When Thompson was in the fifth grade, his basketball coach told his mother, Andrea, that her son was going to be great. "You could see that he had it in him," she says. "And he was hungry for it."

Andrea worked and couldn't always take her son to basketball practice, so he boarded a bus on his own to get there. He even started scrawling goals in black marker on the bathroom mirror to remind himself when he combed his hair or brushed his teeth. Was he working to get better? How bad did he want that college scholarship?

At 15, the Thompsons sent their son to New Jersey's St. Benedict's Preparatory School, a basketball powerhouse then coached by Dan Hurley, the brother of Duke standout Bobby Hurley.

However, during a junior season in which he was averaging more than 19 points per game and almost 10 rebounds, Thompson was kicked off St. Benedict's team for insubordination. At that point, Thompson was already committed to the Texas Longhorns, so he transferred to Findlay Prep in Nevada for his senior year.

It might sound like Thompson was a bad kid who cared about nothing except basketball, but he was an honors student at St. Benedict's and continued to excel academically in Nevada.

At Texas, Thompson continued to push himself, arriving at the gym 20 minutes early every day to fine-tune his game: rebounding, footwork, his left hand. He averaged 13.1 points, 7.8 rebounds and 2.4 blocks, and his improvement propelled the Longhorns into the Top 10 and earned him honors on the freshman All-American team.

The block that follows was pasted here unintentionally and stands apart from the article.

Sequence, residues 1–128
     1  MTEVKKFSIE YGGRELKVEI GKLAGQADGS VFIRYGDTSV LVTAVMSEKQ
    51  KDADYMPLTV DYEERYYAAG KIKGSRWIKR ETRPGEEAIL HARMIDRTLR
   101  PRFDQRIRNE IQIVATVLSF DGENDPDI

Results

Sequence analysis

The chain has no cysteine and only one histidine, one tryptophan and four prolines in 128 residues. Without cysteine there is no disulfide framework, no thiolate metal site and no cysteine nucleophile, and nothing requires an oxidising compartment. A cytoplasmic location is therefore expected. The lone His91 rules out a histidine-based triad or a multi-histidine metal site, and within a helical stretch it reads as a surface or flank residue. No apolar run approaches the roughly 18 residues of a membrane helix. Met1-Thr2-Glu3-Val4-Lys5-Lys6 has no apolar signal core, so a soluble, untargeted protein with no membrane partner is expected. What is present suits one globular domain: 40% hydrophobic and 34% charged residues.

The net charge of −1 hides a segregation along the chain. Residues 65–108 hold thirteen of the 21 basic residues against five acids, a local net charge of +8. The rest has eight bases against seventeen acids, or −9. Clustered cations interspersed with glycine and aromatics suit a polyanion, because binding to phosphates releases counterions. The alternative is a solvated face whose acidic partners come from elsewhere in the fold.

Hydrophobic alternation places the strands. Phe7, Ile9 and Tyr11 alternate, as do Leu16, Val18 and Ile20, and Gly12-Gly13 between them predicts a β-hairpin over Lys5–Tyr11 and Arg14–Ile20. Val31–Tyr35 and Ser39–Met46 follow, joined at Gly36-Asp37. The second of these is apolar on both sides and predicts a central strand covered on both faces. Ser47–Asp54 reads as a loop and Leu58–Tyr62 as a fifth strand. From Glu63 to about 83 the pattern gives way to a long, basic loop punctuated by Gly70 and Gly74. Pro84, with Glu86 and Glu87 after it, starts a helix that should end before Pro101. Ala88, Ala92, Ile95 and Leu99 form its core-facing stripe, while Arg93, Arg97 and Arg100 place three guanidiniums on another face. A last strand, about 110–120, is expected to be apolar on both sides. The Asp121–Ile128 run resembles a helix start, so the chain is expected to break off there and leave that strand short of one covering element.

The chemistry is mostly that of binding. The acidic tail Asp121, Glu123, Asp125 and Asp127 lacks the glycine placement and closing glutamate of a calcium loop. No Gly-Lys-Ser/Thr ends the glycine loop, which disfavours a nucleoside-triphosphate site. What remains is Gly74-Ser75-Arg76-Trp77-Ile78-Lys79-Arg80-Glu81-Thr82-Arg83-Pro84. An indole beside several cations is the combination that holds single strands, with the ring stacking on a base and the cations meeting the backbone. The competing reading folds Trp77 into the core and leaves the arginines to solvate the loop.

"My love and passion is basketball," he says. "Now I get to do that every day."

Like Irving, who has a pact with his father to get his bachelor's degree within five years, Thompson spent the NBA lockout completing his third semester and taking classes such as Minority and Student Leadership.

He doesn't appear to have hard feelings toward Hurley, who is now the head coach at Wagner College. On Twitter, where Thompson looks more like a self-help guru with tweets like, "I don't know the key to success, but the key to failure is to try to please everyone," he asked his more than 27,000 followers to follow Hurley, too.

"Follow @dhurley15 one of the only coaches who believed in me from day one," he wrote. "He is one person I can say really wants what's best for me."

He used the hashtag "love."

"He is a good person," Andrea Thompson says of her son. "He has an open heart."